One Fox: A Counting Thriller by Kate Read
Beautifully illustrated large pages make this counting book great for large groups. The mix of short counting phrases with a more sophisticated plot told through the pictures means it works well for a mixed-age group as there’s something for everyone. I loved the unique vocabulary (“famished”) and twist ending that won’t leave anyone in tears.

One Red Sock  by Jennifer Sattler
Look, we’ve all been there. You go to find your favourite pair of socks only to discover one of them is missing! Perfect for toddlers, this rhyming romp about matching and getting dressed is a relevant theme for little ones. So many extension activities could be made to compliment this one.

One Shoe Two Shoes by Caryl Hart; illustrated Edward Underwood
This counting adventure gave me major Dr. Seuss vibes to start and I’m happy to report it lived up to the rep! I loved the bright, large pages which work well for large toddler or preschool groups. Kids will need some additional explanation of the illustrations to make sense of the dog and mice shenanigans.

Piranhas Don’t Eat Bananas  by Aaron Blabey
This one came out in 2015 in Australia but only recently hit the North American markets. You definitely have to get your accent on to make the rhymes work, but it’s so funny kids hardly notice. A great choice for a laughter-filled preschool or school-age storytime. There are many stories about creatures who don’t want to eat what they are supposed to and this one capitalizes on the silly factor.

Plinka Plinka Shake Shake by Emma Garcia
My storytime brain could barely contain itself when it saw a new Emma Garcia book hitting the shelves this year. This one is just as good as her others. Be introduced to unique instruments like the guiro and agogo while tapping out a beat. Perfect for a music or dance program for kids ages 0 – 5.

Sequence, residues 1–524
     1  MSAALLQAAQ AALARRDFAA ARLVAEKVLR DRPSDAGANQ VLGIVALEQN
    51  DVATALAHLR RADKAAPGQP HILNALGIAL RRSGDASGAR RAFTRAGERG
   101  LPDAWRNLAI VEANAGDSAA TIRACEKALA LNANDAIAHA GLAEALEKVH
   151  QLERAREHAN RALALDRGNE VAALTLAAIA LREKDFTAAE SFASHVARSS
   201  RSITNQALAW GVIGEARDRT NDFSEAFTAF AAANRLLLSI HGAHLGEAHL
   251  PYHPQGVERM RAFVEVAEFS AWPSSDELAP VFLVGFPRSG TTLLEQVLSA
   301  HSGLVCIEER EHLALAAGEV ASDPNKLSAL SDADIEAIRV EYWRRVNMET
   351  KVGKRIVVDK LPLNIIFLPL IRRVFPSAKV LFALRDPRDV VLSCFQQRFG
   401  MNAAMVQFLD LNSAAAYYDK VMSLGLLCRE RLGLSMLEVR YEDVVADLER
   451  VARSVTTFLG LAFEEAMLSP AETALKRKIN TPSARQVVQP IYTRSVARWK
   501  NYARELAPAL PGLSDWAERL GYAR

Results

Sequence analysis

Pokko and the Drum by Matthew Forsythe
One of my favourite picture books PERIOD this year. Is it because Pokko is a girl who is loud and a leader? Is it because of Pokko’s dad’s facial expressions? Is it because they let the wolf stay in the band even after he eats one of them? Probably. The preschool groups I read this too laughed way more than I thought they would. Like I said, Pokko’s dad. Highly recommend for preschool on up.

Red House, Tree House, Little Bitty Brown Mouse  by Jane Godwin; illustrated by Blanca Gómez
The illustrations in this one can get a little detailed, so I recommend it for smaller preschool groups. I loved the rhythm of the words and the questions posed on alternating pages which lend themselves to dialogic reading. An interactive journey through the world that accurately reflects the diversity of the world.

Saturday  by Oge Mora
I liked this one even better than Mora’s first book which made the list last year. Her use of repetition to frame the story is perfect. The use of deep breaths to help calm ourselves when things don’t go our way is social emotional learning gold. And the inclusion of a library storytime (even if it does get cancelled) really make this one special. A great choice for preschoolers who can start to guess what will happen as the mother-daughter duo run into obstacle after obstacle.

Seagull & Sea Dragon  by Sydni Gregg
Land and sea meet in this tale of unexpected friendship and overcoming fears. Both characters ask lots of questions and display a sense of curiosity about the world that leads to an exchange of ideas. Kids will delight in pointing out their initial misconceptions. Use with any and all preschool groups.

Snakes on a Train  by Kathryn Dennis
Despite the pages being on the small size for a medium to large sized storytime, the bold colours and repetition make this one a solid choice for toddlers and preschoolers. We practiced making our hissing sounds before we read to get in character. The snakes are friendly looking and unlikely to scare little ones. The gentle rhyming adds a nursery rhyme quality the whole family will enjoy.

A Stone Sat Still  by Brendan Wenzel
Reminiscent of his first book that made my list in 2016, this one includes beautifully flowing language with a poignant repeated phrase. Wenzel plays with perspective again but this time focuses on something we see every day – a stone. The length and concept of the book make a good choice for older preschoolers and school-age kids.

Up, Up, Up, Down!  by Kimberly Gee
Babies and toddlers, this one’s for you. This sequence of opposites tells a story as you turn each page. In babytime I had caregivers repeat after me since the phrases are short and bouncy. Bonus points for featuring a stay-at-home dad!